Event studies are equally incapable of determining whether there is stock price reaction to false information that has already been incorporated into share prices and thus cannot be used to measure market impact when misstatements are reiterated. When a material misstatement is disseminated into an efficient market, the news will be absorbed and reflected in the share price. Subsequent repetitions of the same misstatement that simply maintain existing investor expectations of company performance should not cause a change in share prices.

In Alaska Electrical Pension Fund v. Pharmacia Corporation, 554 F.3d 342 (3d Cir.2009), the United States Court of Appeals for the Third Circuit acknowledged that a misstatement that merely confirms market expectations will not cause a price impact. Accordingly, the Alaska Electrical Pension Fund court pointed out that a lack of price movement on the announcement of misleading information did not negate a finding of materiality of those statements. In fact, the court said that the materiality of the misstatements was self-evident in light of the nine-point stock price drop when the truth emerged. Id. at 352.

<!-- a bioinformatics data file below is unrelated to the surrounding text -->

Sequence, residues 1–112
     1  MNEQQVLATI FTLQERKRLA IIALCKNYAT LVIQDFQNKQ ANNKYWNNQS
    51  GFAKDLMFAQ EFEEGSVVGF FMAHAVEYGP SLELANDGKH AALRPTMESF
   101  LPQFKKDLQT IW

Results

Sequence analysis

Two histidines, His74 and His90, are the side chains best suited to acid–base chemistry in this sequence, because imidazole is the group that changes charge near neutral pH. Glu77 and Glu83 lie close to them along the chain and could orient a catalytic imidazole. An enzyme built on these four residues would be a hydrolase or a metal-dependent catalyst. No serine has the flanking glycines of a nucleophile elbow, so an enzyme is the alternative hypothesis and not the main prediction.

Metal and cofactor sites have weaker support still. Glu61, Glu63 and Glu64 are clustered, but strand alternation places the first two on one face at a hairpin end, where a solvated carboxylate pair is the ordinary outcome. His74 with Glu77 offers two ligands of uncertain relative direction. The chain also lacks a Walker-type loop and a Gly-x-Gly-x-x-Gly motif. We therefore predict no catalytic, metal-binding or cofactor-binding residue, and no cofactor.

The court in In re Scientific-Atlanta, Inc.Securities Litigation, 571 F. Supp. 2d 1315 (N.D. Ga. 2007) came to the same conclusion in rejecting defendants' argument that the lack of any statistically significant positive price movement after the alleged misrepresentations foreclosed any link between the misrepresentations and plaintiffs' losses. The court held that "[c] ontrary to defendants' argument, the mere absence of a statistically significant increase in the share price in response to fraudulent information does not 'sever the link' between the material misstatements and the price of the stock. Rather, price stability may just as likely demonstrate the market consequence of fraud where the alleged fraudulent statement conveys that the company has met market expectations, when in fact it has not." Id. at 1340-41.


These recent developments highlight the importance of clarity and precision in both our understanding of the economic underpinnings of loss causation and the limits of the legal requirements imposed by Dura. While event studies are an indispensable tool for ensuring that investor losses are truly the result of fraud, plaintiffs and defendants alike must be mindful of the judicial, statistical and logical limitations on the use of these valuable statistical analyses.